Impurities that individually impede crystal growth can paradoxically be less effective when combined.
A theory of nucleation that is able to predict nonclassical pathways and intermediates for crystallization is formulated.
Classical DFT calculations of a liquid droplet attached to a wall. As the temperature is lowered, more and more structure develops until the droplet spontaneously crystallizes.
Crystal surfaces populated with macrosteps continue to grow even when single steps are stopped by surface bound impurities due to a novel mechanism exposed in our simulations: the macrostep facet provides an escape route for single steps to grow in the direction normal to the vicinal face, allowing crystals to break the kinetic barrier of the impurity fence.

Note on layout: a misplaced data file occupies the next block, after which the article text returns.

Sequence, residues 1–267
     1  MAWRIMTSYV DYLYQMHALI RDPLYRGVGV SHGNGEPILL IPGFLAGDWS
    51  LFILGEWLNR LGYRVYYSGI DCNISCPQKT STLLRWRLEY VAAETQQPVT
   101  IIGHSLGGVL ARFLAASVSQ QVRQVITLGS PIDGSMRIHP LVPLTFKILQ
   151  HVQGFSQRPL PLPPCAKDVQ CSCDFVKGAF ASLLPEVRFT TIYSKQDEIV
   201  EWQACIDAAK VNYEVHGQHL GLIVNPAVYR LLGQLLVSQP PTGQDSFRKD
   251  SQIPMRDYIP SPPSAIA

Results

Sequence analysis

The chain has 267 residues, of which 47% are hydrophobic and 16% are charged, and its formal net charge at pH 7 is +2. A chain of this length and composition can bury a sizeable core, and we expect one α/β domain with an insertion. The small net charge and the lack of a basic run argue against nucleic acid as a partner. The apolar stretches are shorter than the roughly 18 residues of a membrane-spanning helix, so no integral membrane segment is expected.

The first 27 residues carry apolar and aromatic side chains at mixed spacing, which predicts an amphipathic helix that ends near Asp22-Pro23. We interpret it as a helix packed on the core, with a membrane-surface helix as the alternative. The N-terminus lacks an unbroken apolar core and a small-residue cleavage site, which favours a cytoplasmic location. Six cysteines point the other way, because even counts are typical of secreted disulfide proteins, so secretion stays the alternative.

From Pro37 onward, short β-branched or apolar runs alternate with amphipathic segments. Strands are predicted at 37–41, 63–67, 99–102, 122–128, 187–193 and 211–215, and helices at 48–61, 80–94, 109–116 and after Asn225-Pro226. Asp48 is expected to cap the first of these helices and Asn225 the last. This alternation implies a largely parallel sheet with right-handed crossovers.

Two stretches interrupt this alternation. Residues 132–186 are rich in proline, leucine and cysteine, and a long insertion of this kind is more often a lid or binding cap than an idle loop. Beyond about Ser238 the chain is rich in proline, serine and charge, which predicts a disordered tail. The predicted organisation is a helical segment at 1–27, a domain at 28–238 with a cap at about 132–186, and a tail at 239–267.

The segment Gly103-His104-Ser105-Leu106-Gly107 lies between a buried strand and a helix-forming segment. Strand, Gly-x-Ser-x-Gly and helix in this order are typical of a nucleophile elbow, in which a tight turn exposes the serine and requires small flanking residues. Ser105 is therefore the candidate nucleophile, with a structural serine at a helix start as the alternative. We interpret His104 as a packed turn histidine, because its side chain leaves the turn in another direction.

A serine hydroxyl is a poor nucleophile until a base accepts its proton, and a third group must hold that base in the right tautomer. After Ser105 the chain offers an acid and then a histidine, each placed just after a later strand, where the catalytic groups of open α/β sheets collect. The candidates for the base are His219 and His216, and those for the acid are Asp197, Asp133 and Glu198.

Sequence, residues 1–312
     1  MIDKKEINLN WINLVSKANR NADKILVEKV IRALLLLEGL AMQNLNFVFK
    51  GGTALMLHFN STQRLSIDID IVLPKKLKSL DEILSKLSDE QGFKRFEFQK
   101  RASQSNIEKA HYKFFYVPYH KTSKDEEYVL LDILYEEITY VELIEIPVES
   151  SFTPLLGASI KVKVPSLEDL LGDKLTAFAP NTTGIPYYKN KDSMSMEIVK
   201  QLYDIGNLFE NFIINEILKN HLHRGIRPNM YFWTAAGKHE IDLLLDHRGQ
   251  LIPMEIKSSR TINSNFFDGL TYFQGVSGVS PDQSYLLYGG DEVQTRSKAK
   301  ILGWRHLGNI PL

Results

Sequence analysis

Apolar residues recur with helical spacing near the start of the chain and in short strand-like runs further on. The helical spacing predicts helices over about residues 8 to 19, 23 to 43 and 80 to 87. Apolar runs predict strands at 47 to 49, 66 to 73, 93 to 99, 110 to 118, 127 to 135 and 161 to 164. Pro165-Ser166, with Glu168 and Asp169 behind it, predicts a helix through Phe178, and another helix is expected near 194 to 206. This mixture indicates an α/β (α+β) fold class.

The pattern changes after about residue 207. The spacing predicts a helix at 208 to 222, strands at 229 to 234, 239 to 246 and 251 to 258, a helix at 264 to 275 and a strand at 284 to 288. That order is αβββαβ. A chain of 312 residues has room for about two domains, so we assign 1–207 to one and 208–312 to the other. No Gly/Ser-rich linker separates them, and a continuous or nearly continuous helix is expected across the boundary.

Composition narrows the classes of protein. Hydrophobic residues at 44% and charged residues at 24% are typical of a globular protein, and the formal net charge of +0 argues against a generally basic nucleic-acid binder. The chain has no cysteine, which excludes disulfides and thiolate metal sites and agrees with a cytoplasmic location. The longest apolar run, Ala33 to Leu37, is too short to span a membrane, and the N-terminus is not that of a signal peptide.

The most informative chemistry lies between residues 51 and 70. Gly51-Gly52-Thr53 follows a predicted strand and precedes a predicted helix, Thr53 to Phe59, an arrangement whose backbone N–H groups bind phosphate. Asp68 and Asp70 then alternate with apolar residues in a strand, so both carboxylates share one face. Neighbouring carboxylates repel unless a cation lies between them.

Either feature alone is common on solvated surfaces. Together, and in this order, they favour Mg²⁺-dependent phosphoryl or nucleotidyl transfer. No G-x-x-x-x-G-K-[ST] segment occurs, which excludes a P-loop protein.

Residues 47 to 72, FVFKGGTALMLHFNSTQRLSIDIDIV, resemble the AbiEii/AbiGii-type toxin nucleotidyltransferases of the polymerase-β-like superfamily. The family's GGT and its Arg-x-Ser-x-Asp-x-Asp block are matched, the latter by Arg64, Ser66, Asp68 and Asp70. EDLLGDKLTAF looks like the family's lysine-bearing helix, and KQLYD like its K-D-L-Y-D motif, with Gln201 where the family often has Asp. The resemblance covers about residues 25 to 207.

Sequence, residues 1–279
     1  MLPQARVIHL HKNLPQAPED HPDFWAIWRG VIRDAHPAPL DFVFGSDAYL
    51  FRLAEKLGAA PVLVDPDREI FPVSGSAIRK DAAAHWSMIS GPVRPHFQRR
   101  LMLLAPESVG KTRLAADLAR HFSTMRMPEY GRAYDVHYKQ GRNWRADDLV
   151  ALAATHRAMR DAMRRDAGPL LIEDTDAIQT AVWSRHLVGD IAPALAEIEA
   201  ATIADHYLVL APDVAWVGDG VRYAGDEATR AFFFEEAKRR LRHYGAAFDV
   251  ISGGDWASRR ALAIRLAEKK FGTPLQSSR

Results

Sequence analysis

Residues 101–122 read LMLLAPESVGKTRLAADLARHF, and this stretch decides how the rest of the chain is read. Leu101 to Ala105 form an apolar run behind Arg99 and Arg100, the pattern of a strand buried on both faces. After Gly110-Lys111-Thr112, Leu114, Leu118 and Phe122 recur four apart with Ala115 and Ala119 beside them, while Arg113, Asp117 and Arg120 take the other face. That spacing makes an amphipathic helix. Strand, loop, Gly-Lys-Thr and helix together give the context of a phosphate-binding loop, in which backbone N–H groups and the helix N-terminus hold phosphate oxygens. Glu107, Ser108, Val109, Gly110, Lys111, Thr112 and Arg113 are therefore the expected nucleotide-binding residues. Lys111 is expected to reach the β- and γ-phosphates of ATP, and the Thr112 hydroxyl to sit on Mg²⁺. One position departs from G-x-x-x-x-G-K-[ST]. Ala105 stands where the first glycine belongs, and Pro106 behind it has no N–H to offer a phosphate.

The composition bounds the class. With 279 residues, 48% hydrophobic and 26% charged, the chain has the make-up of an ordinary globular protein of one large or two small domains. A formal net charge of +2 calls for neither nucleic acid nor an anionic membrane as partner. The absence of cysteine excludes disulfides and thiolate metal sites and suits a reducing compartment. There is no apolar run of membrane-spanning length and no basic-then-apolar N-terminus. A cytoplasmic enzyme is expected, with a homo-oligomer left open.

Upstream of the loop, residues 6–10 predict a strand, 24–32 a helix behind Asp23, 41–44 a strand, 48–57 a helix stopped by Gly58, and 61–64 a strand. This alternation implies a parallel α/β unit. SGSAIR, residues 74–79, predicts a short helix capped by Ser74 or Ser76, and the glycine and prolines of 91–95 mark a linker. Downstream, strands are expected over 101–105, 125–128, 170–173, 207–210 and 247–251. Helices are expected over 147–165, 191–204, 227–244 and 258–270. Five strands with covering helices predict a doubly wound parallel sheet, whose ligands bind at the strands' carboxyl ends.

Lattice induced crystallization of nanodroplets: the role of finite-size effects and substrate properties in controlling polymorphism
Freezing a nanodroplet deposited on a solid substrate leads to the formation of crystalline structures..
Solute particle near a nanopore: influence of size and surface properties on the solvent-mediated forces
Nanoscopic pores are used to attract macromolecules.
Macrosteps can grow under conditions of low supersaturation and high impurity density such that elementary step growth is completely arrested.
Step growth has both deterministic and stochastic regimes
Observing classical nucleation theory at work by monitoring phase transitions with molecular precision.
Microscopic observation of nucleation on a surface.
Mesoscopic Nucleation Theory is used to construct a two-variable theory of droplet muceation that reveals non-classical behavior. The figure shows the free energy surface for droplet nucleation with the horizontal and vertical axes being the cluster radius and the density inside the cluster, respectively. The line is the most likely path for droplet nucleation from an initial low-density vapor.
Step growth in the presence of impurities is governed by thermodynamics - not kinetics.